Of the work of American icon Grant Wood, take the staid character expressions, strip out the traditional rural backdrops and wooden houses, and mix it with the monotypical palette of a Victorian daguerreotype, then one might end up with the work of Bobbie Russon. Russon’s skill as a painter takes the viewer through a journey which proffers paintings not too dissimilar, in tone, to the nature of 19th century photography: the infant photography’s novelty as an art form led to a celebration of family portraits, with expressions indicating a century-long bout of prude-wearing countenances and expressions of the never-seen-since miserable smile. No frills, no fancy attitudes, just plain old mean portraiture. These expressions are also found in the working class farmers of 20th century Wood’s mid-western gothic families, albeit with more pastel coloration to their sunken cheeks, which is where—between Grant Wood and Victorian daguerreotypy—Russon’s work can be found; straddling the boundary in terms of expression, but of course without the implication of the absence of painterly expertise that half of this comparison perhaps elicits.
For the subject of many of her paintings, the innocence of childhood contrasts against gloomy and sparsely furnished interiors; indeed, the expressions of the children themselves rail against the essence of romantic depictions of childhood as a period of uncertainty, yet nonetheless care-free feelings and simple lives burnished by even simpler adventures. In one example of her work, though, we find a young girl wearing dungarees ( a fitting sartorial comparison to the attire of Wood’s farmers), with a distorted face: large eyes and a shrunken forehead—the enlarged eyes being the only real semblance of the traditional rabbit in the headlights view of childhood ignorance.
Jemma Hickman of bo.lee gallery—the gallery which also represents artist Wanda Bernadino—wrote a short précis of Russon’s up-coming exhibition Hinterland, in which she explains:
Bobbie, now the mother of three children herself, uses these [childhood] experiences as fuel for her brooding works. Her paintings reference sights, smells and memories of her childhood— feelings of being trapped, times of sadness and loneliness, but also an excitingly unconventional upbringing full of creativity.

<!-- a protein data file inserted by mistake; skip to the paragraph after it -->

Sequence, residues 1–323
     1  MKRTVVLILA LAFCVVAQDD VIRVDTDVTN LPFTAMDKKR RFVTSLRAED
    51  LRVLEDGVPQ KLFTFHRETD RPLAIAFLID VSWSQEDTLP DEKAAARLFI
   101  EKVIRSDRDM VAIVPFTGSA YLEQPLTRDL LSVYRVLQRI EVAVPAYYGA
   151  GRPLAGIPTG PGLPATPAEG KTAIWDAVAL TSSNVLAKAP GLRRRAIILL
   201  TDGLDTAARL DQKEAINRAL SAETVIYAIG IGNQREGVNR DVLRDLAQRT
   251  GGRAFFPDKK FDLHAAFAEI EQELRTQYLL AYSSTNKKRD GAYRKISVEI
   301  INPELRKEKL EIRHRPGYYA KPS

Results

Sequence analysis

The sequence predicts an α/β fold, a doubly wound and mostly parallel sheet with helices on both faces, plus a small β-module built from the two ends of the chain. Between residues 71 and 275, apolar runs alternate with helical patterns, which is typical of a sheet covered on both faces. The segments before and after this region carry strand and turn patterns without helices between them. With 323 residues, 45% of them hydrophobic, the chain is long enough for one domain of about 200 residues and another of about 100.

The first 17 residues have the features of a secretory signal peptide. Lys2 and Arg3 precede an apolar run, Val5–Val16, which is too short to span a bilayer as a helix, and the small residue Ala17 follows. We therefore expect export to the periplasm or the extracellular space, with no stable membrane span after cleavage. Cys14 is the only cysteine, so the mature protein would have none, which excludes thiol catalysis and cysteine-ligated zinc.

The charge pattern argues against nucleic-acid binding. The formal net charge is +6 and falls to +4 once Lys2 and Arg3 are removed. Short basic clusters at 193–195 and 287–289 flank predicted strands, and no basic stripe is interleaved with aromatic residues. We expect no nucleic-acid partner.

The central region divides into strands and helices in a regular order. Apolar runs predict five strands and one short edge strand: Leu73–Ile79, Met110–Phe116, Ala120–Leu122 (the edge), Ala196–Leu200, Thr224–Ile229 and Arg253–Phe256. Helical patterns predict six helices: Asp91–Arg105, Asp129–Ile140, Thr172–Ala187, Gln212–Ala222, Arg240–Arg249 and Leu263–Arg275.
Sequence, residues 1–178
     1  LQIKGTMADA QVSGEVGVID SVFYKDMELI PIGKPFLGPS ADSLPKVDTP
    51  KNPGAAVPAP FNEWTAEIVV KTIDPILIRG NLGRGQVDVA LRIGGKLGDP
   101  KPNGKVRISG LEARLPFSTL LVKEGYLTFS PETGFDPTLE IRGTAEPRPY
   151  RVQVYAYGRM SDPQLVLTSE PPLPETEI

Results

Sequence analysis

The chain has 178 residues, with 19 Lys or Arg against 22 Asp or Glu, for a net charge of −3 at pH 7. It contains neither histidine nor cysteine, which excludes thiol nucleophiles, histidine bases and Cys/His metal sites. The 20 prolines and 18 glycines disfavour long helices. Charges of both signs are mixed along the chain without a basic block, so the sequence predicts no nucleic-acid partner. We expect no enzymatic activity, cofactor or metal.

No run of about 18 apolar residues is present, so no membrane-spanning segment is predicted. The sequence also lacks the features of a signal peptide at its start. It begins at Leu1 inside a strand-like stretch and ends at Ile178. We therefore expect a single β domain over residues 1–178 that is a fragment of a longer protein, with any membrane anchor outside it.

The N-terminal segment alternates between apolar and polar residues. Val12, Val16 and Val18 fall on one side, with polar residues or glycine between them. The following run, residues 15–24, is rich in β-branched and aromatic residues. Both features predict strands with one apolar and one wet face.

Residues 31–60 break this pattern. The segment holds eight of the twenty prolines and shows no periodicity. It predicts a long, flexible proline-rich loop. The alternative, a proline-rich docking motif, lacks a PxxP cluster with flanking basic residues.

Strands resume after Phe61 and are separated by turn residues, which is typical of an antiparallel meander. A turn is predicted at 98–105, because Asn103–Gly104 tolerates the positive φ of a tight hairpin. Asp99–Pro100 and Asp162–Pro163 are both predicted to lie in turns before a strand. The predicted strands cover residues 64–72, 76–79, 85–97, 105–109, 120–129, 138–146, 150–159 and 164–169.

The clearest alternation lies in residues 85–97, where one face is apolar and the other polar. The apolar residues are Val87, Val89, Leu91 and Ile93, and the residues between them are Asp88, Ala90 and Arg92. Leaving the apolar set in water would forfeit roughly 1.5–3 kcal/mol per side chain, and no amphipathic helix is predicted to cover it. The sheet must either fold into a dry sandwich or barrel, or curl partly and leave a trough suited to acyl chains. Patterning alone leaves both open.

But what of these childhood experiences? Russon herself looks back and comments: ‘early childhood was a very transient existence and at times a lonely one, confined to dingy London bedsits with no siblings and no chance to put down roots and make friends’, however even with this self-appraisal by the artist, there are plenty of other—viewer-led—interpretations which furnish her works.
With childhood stripped to the sparsest of detail, one cannot help but notice that this contrasts greatly with underhand media tactics appertaining to the over-sexualisation of childhood, be it due to the constant bombardment of you-should-look-like-this imagery, or through the ‘adultification’ of childhood celebrity—aiming instead to subvert these methods by providing the alternate extreme of the spectrum, removing nearly all but one facet of childhood—the toy.
Russon’s choice works will be exhibited at Hinterland; loosely interpreted in a temporal sense as the land which came before the present, rather than its regular spatial meaning. This exhibition will take place at bo.lee gallery between the 26th of November (private viewing Thursday 26th, 6-8pm) with regular viewings following by appointment only at the bo.lee studio at 4 Dunstans Road, East Dulwich SE22 0HQ until the 13th of December. More information can be found on the bo.lee gallery website.
With such a curious take on childhood, no doubt fans of Bobbie Russon and her work will look forward to her later paintings, which we can only surmise with a tentative wait, will explore later facets of her life in the same unique, painterly style. Nous attendons avec impatience!